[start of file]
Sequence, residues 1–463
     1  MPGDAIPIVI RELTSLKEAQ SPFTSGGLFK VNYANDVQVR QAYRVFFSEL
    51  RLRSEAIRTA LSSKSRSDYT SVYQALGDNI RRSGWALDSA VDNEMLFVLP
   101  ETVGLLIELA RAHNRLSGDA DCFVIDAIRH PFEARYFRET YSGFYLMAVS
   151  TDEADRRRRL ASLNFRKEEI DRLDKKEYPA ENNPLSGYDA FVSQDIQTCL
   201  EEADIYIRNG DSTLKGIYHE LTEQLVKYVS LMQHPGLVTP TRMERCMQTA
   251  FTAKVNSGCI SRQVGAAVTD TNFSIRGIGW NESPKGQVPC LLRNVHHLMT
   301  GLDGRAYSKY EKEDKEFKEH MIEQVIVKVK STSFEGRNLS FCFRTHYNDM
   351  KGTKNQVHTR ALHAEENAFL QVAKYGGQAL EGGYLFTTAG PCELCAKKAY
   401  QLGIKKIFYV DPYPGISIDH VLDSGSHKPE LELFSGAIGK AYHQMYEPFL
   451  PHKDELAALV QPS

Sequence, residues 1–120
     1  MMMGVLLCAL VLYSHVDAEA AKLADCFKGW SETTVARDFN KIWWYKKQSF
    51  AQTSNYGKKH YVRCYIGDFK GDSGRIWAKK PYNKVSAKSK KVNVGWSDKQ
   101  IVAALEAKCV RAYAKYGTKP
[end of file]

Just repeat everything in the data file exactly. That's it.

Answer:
Sequence, residues 1–463
     1  MPGDAIPIVI RELTSLKEAQ SPFTSGGLFK VNYANDVQVR QAYRVFFSEL
    51  RLRSEAIRTA LSSKSRSDYT SVYQALGDNI RRSGWALDSA VDNEMLFVLP
   101  ETVGLLIELA RAHNRLSGDA DCFVIDAIRH PFEARYFRET YSGFYLMAVS
   151  TDEADRRRRL ASLNFRKEEI DRLDKKEYPA ENNPLSGYDA FVSQDIQTCL
   201  EEADIYIRNG DSTLKGIYHE LTEQLVKYVS LMQHPGLVTP TRMERCMQTA
   251  FTAKVNSGCI SRQVGAAVTD TNFSIRGIGW NESPKGQVPC LLRNVHHLMT
   301  GLDGRAYSKY EKEDKEFKEH MIEQVIVKVK STSFEGRNLS FCFRTHYNDM
   351  KGTKNQVHTR ALHAEENAFL QVAKYGGQAL EGGYLFTTAG PCELCAKKAY
   401  QLGIKKIFYV DPYPGISIDH VLDSGSHKPE LELFSGAIGK AYHQMYEPFL
   451  PHKDELAALV QPS

Sequence, residues 1–120
     1  MMMGVLLCAL VLYSHVDAEA AKLADCFKGW SETTVARDFN KIWWYKKQSF
    51  AQTSNYGKKH YVRCYIGDFK GDSGRIWAKK PYNKVSAKSK KVNVGWSDKQ
   101  IVAALEAKCV RAYAKYGTKP